April 20, 2014

Lines in Poetry: Linkage Theory, Enjambment, and Associative Leaps

Paul Hurt from the UK focuses attention on the myriad ways to create a line of poetry:
         Applying Linkage Theory to poetry: 

The site is centred upon what I call 'Linkage Theory,' although I regard this theory as having a great number of practical applications. Innovations, I also believe, are far more likely to be made if a person thinks in terms of linkages and contrasts. In this site, I give some of the innovations I've made - but not all of them. 

I first began to formulate Linkage Theory as a result of intensive study of poetic forms. Some of my work on linkage and contrast in poetry and literary theory appears in this site, and is grouped on the left side of the Site Map. At this stage, I explored linkages between poetry and art and design, for example, by fragmentation of the poem, but later, I made a more intensive study of linkage and contrast in the visual arts, including work on the Set. Much of this work appears in the site too, and can be found on the right side of the Site Map. 

Chris Pulman, in 'The Education of a Graphic Designer,' writes 'If you ask why something works and you push back far enough, eventually everything seems to be based on contrast: the ability to distinguish one thing from another. Composition, sequencing, even legibility all rely on devices that affect the contrast between things.' (Quoted in the Web Style Guide). I later developed my ideas concerning contrast (and linkage) far beyond these origins.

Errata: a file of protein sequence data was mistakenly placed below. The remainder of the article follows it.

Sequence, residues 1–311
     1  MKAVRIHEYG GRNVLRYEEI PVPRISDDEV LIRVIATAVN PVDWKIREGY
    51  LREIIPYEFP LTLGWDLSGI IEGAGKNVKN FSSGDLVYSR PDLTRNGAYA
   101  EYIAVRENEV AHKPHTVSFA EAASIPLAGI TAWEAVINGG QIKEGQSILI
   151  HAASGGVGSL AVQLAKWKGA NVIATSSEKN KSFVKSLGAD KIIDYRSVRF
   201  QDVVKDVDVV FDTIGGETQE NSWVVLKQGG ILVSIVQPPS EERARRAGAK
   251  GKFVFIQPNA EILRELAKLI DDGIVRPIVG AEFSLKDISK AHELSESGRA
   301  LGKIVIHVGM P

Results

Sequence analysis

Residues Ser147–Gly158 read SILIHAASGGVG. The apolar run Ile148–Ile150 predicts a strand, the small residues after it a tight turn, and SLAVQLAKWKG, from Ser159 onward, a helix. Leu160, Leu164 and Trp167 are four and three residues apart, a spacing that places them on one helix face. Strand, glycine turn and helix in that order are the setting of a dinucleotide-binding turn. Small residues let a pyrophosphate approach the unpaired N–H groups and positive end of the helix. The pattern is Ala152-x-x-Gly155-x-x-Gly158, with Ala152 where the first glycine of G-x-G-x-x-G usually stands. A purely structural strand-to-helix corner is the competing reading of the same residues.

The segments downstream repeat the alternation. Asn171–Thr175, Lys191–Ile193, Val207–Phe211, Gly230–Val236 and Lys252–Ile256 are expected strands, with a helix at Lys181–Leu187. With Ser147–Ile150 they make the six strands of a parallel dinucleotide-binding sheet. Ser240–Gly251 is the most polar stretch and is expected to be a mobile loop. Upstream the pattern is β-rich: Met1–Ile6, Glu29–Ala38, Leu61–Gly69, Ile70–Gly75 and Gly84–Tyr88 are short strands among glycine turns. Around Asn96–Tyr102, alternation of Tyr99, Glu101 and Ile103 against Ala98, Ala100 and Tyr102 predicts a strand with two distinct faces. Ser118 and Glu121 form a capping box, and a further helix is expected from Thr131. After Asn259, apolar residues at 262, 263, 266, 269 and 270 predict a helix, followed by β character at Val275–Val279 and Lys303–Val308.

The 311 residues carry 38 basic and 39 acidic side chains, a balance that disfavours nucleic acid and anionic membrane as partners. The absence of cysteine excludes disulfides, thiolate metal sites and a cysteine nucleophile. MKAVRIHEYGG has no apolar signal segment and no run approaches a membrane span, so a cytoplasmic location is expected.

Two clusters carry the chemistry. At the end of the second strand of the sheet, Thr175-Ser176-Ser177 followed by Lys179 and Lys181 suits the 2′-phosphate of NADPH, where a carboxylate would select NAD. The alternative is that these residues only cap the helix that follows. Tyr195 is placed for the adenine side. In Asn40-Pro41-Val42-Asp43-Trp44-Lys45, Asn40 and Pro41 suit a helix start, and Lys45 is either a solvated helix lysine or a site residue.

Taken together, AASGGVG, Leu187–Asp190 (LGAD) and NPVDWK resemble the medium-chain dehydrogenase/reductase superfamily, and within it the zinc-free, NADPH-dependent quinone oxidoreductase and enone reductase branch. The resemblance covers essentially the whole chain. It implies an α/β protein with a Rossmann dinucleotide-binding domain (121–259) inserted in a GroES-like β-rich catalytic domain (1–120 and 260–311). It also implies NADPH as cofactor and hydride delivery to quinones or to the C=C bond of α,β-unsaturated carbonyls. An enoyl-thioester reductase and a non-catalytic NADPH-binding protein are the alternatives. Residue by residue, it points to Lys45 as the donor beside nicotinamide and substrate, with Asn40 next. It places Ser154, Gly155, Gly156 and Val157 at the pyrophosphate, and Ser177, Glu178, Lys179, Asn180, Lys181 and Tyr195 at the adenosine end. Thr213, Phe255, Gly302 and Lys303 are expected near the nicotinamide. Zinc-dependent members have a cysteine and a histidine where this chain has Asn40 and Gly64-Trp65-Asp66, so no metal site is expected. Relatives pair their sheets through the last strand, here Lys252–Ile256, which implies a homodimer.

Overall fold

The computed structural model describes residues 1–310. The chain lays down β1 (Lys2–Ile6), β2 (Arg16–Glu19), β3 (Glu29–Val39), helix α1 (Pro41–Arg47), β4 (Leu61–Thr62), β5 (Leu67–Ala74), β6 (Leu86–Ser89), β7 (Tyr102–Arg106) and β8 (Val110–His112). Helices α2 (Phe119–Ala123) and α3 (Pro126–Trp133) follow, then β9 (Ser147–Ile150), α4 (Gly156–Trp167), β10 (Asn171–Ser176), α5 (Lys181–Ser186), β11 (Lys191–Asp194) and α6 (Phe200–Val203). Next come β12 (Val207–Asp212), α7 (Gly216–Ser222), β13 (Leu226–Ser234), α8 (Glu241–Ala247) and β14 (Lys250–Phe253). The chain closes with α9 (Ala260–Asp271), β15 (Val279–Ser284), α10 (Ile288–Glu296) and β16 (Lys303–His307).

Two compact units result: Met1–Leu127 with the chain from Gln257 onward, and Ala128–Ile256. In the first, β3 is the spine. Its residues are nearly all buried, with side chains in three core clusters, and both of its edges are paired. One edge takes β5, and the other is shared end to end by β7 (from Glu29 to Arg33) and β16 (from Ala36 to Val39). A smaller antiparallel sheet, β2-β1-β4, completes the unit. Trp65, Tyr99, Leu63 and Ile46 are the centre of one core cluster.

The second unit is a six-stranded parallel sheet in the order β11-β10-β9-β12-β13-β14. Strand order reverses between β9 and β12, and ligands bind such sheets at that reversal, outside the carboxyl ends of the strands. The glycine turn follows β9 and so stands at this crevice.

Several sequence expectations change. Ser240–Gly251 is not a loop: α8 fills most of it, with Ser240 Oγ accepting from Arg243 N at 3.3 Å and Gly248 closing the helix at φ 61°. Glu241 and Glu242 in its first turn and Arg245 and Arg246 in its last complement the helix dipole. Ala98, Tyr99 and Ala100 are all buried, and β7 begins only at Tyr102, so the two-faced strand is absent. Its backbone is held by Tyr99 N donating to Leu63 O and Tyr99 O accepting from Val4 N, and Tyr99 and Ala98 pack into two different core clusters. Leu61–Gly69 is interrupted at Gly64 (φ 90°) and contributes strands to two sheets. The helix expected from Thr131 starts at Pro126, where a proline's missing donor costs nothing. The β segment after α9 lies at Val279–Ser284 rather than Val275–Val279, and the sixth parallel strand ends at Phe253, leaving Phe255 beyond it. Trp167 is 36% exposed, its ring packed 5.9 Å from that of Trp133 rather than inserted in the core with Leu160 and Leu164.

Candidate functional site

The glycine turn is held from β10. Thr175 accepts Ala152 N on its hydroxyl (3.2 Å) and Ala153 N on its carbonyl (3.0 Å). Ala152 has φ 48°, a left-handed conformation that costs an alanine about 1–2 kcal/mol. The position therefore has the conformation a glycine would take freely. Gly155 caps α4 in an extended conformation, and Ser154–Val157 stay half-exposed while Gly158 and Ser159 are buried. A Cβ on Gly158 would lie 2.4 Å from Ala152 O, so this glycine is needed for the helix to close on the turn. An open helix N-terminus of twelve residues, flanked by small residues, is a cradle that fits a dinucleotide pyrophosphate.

The next stage involved a great broadening of scope: the concrete linkages and contrasts of modern life, as well as technical extensions to linkage theory.
This is an interesting focus.  I've learned to "create tension between the lines," an adage from a writing teacher Wayne Moen.  The concept of linkage perhaps is related to the idea of "enjambment," the continuation of a sentence over a line break. The slight pause that a reader might make at the line break can introduce some ambiguity and perhaps make more meaning. Enjambment offers the poet an interesting rhythmic tool.  Hurt suggests that poetic lines should provide contrast in the way that they are sequenced as well as link both past and present.  Linkages are thus associations and evocative elements.  Hurt says:
I make the point that the artist should 'transform form.' I stress the exhilarating variety of forms available to the poet and the need for a wide variety of forms - free verse as well as strict forms of many different kinds, forms from the past which are still useful and completely new forms. I emphasize form here, but not at the expense of content.  
He offers a scientific sort of approach to literary arts, and he underlines the fact that form is as important as content, and it offers as many meanings.

Hurt, Paul.  Linkage Theory. 20 April 2014. Web. http://www.linkagenet.com/glossarylit.htm

No comments:

Post a Comment